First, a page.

On the way we have Mario Tennis, Star Fox Zero, a new Zelda title, retro platformer Mighty No 9, a survival horror sequel and Project Zero: Maiden of Black Water. There are not as many releases as for the other machines, but the really good Wii U titles will occupy you and your family for months.
Xbox One exclusives
Like Sony, Microsoft has its own studios all over the world (though it has every little developer support in Japan). As with PS4, the Xbox One hasn’t exactly been overloaded with legendary exclusives so far, relying heavily on the motor sport titles Forza and Forza Horizon, and giant robot blast’em-up Titanfall. However, crazed shooter Sunset Overdrive, and beautiful indie titles Lovers in a Dangerous Space Time and Ori and the Blind Forest are worth a look.
Coming up we have Halo 5: Guardians, interesting sci-fi adventure ReCore, 1940s-inspired platformer Cuphead, Gears of War 4, open-world epic Crackdown 3 and giant monster-slaying fantasy Scalebound. It’s a very strong slate, especially for veteran Xbox fans who’ve waited patiently for some old favourites to return.
All three consoles allow you to connect seamlessly to the internet via Wi-Fi or ethernet cable (the Wii U requires an extra peripheral for wired connections). Each one offers access to an array of video services such as BBC iPlayer, Netflix and YouTube, though the exact line-ups are different from machine to machine. PS4 and Xbox One both play Blu-ray and DVD movies, Wii U won’t play either.
If you want to play PS4 games online you’ll need to join Playstation Network, which costs £35 a year and also gives you access to free games through the excellent PlayStation Plus service.
Along with all the usual video-on-demand services, PS4 has its own version of Spotify, which lets you play your own music choices in the background while gaming. PlayStation 4 is not backwards compatible with older games so you won’t be able to put in a PS2 or PS3 disc and play it. Instead, Sony has a service called PlayStation Now which lets you rent retro titles for between £2.99 and £7.99. You can also buy a PlayStation TV box which costs £45 and lets you stream your PS4 content to other TVs in your house, as well as download a handful of classic PlayStation titles.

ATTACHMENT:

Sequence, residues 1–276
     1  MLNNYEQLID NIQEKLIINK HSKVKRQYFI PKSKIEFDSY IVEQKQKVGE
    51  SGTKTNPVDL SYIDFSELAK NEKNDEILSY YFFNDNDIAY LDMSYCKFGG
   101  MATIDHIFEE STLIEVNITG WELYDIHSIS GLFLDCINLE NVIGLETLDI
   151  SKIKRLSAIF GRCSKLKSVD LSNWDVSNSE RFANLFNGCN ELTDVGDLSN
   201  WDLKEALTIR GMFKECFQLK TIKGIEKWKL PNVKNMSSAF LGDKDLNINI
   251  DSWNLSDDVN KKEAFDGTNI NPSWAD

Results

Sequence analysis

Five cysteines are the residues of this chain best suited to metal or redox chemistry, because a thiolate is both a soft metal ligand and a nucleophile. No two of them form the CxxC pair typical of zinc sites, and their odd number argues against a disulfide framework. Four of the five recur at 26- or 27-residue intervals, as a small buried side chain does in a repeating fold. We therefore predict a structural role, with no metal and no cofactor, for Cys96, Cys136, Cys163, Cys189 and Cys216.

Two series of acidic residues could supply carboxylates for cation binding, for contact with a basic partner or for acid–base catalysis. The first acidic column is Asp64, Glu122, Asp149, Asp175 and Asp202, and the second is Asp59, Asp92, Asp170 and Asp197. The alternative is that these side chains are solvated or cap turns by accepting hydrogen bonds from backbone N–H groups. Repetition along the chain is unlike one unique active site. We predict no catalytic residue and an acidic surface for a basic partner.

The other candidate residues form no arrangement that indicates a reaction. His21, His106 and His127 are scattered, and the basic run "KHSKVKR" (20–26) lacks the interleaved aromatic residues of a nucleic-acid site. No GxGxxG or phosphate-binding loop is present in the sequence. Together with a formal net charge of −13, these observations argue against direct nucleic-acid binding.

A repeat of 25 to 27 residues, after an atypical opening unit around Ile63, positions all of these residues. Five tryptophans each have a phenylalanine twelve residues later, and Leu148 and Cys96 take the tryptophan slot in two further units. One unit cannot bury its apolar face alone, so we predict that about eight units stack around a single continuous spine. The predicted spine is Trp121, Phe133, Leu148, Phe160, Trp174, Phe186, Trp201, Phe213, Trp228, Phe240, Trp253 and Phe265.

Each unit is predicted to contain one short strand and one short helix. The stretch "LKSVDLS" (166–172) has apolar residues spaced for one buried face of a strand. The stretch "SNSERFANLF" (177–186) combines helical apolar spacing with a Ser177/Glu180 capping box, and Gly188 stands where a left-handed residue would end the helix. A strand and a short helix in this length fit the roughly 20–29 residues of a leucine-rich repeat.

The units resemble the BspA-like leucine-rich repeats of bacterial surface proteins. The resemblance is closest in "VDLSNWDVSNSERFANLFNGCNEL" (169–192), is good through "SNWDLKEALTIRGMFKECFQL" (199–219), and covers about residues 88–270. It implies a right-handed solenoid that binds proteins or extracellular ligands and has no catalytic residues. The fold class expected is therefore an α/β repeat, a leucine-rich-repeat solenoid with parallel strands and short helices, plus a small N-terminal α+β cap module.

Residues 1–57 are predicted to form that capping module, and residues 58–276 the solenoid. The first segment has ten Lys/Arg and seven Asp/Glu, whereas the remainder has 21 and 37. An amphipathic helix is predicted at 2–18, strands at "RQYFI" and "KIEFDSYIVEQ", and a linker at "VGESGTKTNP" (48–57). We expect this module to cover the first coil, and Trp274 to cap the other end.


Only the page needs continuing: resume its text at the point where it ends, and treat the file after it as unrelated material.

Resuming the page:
Nintendo’s machine has a modest range of video apps and services, as well as a really friendly and nicely designed online community called Miiverse, which lets players share content and ask for gaming advice in a safe way. You can also download lots of classic titles via the Virtual Console digital shop. But it’s very much a games machine rather than a multimedia hub.
Xbox Live Gold is the service you’ll need to subscribe to in order to play against others online – like PlayStation Network, this also offers monthly free games. It’s still a more robust infrastructure than Sony’s, which has suffered a series of hacker attacks over the past two years.
Again, there’s a big list of apps and entertainment services. Xbox One offers HDMI throughput, which lets you plug in your satellite or cable box, then view it all through your console without having to keep unplugging all your leads. It has the capacity to watch live TV, too, so it’s very effective as a multimedia “set-top box” that you can put in your living room and use to run all your screened entertainment. The console also integrates closely with Windows 10, so you’ll be able to keep up with your Xbox Live friends via your PC and even try cross-platform online multiplayer games between consoles and computers.